Wishing you a very happy Chanukah The Weiss Family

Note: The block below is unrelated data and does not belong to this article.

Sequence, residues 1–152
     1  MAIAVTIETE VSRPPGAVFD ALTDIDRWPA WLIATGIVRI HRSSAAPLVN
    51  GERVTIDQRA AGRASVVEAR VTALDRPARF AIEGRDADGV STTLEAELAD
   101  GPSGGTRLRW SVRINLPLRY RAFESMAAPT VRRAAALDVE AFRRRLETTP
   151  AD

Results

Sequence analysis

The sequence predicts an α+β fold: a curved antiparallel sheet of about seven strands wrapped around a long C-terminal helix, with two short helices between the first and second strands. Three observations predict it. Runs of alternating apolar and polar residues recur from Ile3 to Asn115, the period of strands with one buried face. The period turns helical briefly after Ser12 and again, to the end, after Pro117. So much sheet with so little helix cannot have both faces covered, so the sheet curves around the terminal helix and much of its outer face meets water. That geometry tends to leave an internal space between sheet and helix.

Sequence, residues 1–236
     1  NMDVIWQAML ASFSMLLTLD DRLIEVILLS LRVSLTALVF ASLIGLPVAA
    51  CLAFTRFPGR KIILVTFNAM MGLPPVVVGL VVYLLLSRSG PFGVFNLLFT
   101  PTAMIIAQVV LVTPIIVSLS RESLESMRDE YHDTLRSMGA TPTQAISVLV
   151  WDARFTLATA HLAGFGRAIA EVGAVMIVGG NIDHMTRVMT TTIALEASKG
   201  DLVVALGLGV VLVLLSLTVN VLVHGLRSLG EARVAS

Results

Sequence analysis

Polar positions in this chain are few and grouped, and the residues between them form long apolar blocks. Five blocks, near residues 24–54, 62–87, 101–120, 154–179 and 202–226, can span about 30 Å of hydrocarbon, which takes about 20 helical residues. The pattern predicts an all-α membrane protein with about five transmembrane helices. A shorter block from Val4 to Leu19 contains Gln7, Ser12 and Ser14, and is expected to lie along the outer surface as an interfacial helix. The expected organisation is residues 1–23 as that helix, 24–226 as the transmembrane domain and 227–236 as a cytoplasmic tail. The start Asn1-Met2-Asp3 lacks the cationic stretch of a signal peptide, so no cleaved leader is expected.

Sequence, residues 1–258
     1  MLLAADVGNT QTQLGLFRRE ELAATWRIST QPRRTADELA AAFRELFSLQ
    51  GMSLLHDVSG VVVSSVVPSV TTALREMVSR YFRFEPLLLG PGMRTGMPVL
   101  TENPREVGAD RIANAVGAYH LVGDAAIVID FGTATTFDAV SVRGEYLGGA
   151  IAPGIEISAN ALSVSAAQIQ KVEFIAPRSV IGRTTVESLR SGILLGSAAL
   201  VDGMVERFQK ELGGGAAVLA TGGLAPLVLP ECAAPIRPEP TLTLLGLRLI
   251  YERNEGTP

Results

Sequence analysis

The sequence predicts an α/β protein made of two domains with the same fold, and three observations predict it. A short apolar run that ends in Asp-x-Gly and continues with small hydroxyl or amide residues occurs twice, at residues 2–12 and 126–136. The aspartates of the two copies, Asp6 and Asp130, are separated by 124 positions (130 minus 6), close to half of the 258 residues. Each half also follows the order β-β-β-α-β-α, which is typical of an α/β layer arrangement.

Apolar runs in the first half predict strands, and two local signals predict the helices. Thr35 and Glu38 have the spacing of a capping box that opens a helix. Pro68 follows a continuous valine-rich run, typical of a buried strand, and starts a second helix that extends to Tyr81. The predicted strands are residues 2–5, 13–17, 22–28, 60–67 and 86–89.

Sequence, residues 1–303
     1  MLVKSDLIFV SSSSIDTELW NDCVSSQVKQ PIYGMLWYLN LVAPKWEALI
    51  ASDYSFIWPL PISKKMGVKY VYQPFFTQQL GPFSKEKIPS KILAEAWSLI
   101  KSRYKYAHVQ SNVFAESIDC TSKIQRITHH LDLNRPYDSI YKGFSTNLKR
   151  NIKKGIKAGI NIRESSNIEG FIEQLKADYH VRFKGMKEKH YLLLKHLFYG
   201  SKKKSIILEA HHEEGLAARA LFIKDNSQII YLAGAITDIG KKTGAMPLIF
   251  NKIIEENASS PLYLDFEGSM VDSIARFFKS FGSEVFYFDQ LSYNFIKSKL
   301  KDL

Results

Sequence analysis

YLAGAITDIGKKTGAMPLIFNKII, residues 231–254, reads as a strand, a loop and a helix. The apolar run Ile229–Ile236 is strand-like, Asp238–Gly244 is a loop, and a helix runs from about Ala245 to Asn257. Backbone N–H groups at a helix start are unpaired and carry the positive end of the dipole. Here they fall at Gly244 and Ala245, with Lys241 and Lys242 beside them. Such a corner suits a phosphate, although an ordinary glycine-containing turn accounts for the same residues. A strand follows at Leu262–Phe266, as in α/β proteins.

Gluten-free churros for Chanukah By Tannaz Sassooni, The Nosher It started with a question for Jonathan Gold. Chanukah 2011 was nearing, and a friend sent a query to Ask Mr. Gold, the advice column of the late Pulitzer Prize-winning food critic renowned for putting Los Angeles on the map as a destination for culinary diversity. She told Mr. Gold she didn’t want to smell up her apartment frying latkes. Instead, she sought the city’s best churros. A tradition was born. A merry group headed, per Gold’s recommendation, to the Salinas Churro Truck. This tradition isn’t just delicious; it embodies the spirit of our city’s pluralism. Churros have become part of my family’s Chanukah celebrations, too. Since my nephew was diagnosed with celiac disease, doughnuts can no longer be part of our festivities. Instead of the classic cinnamon-sugar topping, you can pair churros with dipping sauces for traditional Chanukah flavors: sweetened sour cream and raspberry jam. Note: You’ll need a pastry bag fitted with a Wilton 1M or other large open star tip. This recipe is adapted from Boulder Locavore. For the churros: 1 cup water 8 Tbsp. unsalted butter (1 stick) ¼ tsp. salt 1 ½ Tbsp. granulated sugar 1 cup gluten-free flour (I used Bob’s Red Mill 1 for 1 Gluten-Free Flour, but any gluten-free flour with xanthan gum should work) 3 large eggs, room temperature 1 tsp. ground cinnamon canola, vegetable, or rapeseed oil, for frying For the dipping sauces: ½ cup raspberry jam ½ cup sour cream ½ tsp. vanilla extract